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2016.06.29 |

AIAS Fellow Amy M. Iler publishes significant results in Science

The results of the Science publication show that sex-specific responses to climate change in plants alter population species characteristic and performance. The pace at which the species characteristic responds to climate change is unprecedentedly fast, suggesting that species range shifts are lagging substantially behind climate change.

The layers of the food chain are pulling themselves apart because climate change is in full swing turning the natural order upside down and bringing it out of balance. This is the thought-provoking conclusion of one of the largest and most extensive studies to date on this subject. (Illustration: Colourbox)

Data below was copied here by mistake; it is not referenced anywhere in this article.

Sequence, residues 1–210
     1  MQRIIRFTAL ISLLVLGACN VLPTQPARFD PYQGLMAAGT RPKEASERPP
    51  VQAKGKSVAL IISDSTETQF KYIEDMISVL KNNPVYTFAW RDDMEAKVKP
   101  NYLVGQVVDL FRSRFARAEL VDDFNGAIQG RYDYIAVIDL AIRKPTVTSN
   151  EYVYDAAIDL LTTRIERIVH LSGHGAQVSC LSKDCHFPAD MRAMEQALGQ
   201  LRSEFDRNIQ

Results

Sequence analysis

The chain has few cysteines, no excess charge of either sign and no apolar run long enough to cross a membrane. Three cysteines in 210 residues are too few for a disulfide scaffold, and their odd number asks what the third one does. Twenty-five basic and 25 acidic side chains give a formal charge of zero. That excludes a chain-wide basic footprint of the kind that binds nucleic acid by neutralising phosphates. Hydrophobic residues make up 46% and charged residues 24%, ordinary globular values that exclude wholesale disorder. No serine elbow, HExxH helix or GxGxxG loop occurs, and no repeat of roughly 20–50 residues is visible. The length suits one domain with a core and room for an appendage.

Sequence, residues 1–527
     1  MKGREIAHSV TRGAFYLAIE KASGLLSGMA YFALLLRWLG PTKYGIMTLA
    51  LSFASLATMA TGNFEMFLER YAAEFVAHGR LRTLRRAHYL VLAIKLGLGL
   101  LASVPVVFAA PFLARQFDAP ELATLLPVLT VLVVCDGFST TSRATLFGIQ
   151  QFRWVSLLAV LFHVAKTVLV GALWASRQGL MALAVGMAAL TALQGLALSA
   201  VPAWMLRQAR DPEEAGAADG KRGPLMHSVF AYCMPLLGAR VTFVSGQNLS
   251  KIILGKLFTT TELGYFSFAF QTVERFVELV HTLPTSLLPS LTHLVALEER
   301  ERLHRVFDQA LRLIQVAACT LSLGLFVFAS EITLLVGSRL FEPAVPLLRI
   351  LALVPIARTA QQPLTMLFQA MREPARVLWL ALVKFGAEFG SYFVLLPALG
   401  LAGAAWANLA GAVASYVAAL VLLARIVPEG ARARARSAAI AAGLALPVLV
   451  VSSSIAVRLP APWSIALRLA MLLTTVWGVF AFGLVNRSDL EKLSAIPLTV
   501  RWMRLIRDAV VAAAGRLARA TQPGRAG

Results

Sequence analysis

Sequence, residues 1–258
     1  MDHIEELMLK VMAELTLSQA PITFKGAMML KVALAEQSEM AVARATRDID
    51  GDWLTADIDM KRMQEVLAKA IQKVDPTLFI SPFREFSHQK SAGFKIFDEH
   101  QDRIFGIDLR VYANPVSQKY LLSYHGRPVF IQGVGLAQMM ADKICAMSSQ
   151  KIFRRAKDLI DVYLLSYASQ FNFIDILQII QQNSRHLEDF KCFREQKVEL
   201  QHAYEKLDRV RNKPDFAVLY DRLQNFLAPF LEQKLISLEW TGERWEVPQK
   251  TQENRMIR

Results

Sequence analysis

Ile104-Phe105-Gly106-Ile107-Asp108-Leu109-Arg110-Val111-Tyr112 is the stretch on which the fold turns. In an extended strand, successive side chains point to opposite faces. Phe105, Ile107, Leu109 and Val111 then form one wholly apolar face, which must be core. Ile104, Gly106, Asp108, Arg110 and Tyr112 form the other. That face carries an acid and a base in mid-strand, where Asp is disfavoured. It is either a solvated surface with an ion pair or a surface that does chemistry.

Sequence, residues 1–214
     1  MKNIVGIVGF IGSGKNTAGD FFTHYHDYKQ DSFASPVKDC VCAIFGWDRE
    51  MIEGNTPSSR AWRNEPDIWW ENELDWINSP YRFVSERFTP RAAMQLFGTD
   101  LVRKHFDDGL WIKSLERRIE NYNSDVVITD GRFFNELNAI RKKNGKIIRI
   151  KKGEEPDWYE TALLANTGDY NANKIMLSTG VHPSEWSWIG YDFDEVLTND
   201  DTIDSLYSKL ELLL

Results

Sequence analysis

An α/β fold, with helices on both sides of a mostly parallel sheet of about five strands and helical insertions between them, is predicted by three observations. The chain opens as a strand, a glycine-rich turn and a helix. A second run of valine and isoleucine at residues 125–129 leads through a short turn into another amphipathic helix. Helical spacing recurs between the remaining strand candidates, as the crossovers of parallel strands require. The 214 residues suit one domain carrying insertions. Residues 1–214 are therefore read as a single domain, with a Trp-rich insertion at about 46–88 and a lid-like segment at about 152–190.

2016.06.29 |

Nature publication by AIAS Former Fellow Toke T. Høye

Høye and his co-authors have published an ambitious study that has used more than 10,000 datasets to examine how the phenological characteristics—such as the timing of reproduction—of various taxa alter in response to climate change, and suggests that differing levels of climate sensitivity could lead to the desynchronization of seasonal events…

2016.06.29 |

Method developed by AIAS Fellow Tomasz K. Wojdacz potentially applicable in cancer detection and personalisation of treatment

This week a method potentially applicable in detection and personalisation of cancer treatment developed during his PhD studies by Tomasz K. Wojdacz in collaboration with Associate Professor Lise Lotte Hansen was independently evaluated for clinical use and the results of that study have been published in the prestigious Nature Biotechnology.